Susan Hockfield, the 16th president of the Massachusetts Institute of Technology, said she will step down from her post but stay in place until her successor takes office.
Hockfield has served as president since December 2004, MIT said in a press release.
During her presidency, MIT said it has raised nearly has raised nearly $3 billion, the most successful period of fund-raising in the school's history, despite hard economic times.
The university celebrated its 150th anniversary last year.
Hockfield is the school's first female president, as well as the first biologist to lead the school. In the last year alone, she has launched several major initiatives, including a partnership with a Russian group that hopes to build a research hub – similar to Kendall Square and anchored by an MIT-like university -- in that country. She has also led an effort this year to reinvent American manufacturing, which involves both a university-wide project at MIT and a federal work group that Hockfield co-chairs. The project follows another nationwide initiative to rethink energy, which MIT led several years ago.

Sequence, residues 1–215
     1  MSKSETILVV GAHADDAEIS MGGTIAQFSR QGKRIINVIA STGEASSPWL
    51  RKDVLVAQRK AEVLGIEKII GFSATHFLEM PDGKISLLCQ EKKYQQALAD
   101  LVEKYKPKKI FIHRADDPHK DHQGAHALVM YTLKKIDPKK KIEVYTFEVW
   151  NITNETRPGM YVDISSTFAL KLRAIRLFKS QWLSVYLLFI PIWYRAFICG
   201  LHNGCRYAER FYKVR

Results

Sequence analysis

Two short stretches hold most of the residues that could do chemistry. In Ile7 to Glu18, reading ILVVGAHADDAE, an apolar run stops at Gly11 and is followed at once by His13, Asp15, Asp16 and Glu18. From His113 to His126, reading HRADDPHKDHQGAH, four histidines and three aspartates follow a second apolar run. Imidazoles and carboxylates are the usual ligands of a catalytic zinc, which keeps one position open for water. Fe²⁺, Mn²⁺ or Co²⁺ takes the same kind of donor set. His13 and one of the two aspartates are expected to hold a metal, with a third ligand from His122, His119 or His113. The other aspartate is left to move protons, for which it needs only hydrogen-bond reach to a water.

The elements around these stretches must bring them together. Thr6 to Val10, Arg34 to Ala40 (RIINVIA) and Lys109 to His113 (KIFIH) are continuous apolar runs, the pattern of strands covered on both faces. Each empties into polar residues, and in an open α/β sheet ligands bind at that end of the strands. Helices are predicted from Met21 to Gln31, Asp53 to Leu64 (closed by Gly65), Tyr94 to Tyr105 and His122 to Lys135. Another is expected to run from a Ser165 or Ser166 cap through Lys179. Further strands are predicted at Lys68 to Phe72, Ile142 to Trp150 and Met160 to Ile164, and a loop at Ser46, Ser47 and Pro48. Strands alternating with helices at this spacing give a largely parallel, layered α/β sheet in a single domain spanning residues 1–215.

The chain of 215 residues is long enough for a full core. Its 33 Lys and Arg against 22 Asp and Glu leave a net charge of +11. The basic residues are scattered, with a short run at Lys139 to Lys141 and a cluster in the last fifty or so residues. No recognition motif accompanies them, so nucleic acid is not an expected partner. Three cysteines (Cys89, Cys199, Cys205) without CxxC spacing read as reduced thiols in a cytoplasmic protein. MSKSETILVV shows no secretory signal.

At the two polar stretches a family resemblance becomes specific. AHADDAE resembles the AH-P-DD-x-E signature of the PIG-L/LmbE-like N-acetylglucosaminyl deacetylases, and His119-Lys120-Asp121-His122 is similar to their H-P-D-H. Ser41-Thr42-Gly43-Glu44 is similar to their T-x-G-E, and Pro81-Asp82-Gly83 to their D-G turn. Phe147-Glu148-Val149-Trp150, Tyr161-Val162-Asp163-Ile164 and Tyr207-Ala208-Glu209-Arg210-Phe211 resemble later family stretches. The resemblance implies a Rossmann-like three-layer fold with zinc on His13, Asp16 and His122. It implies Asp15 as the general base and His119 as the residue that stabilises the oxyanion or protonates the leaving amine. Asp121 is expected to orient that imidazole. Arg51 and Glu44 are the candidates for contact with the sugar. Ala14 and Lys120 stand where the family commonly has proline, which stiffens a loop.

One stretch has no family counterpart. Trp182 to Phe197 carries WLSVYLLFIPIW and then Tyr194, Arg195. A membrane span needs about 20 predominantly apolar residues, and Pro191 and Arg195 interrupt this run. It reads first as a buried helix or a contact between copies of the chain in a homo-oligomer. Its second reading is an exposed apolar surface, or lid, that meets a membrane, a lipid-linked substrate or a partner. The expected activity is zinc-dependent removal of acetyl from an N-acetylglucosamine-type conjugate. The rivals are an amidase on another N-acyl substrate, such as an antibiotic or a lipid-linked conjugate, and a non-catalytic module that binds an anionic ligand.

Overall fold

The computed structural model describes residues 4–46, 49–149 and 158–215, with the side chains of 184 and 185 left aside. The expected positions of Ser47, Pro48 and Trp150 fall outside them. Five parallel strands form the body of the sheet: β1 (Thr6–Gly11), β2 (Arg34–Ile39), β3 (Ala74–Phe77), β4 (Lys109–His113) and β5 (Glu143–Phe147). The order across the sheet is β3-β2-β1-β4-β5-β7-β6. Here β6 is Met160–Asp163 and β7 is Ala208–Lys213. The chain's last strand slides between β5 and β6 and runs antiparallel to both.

Hockfield is also involved in the life of the campus. This year, for the first time, she is serving as an academic adviser to a small group of freshman students.
In a letter to the MIT community, Hockfield wrote that the momentum that the school has generated over the last seven years makes the current moment in MIT's history an excellent opportunity for a smooth transition. An excerpt of the letter was included in MIT's release.
"MIT's next president will be selected according to a process set forth in the bylaws of the MIT Corporation, which state that the Corporation's Executive Committee shall recommend to the corporation the names of candidates for president," the press release said.
Chris Reidy can be reached at email@example.com.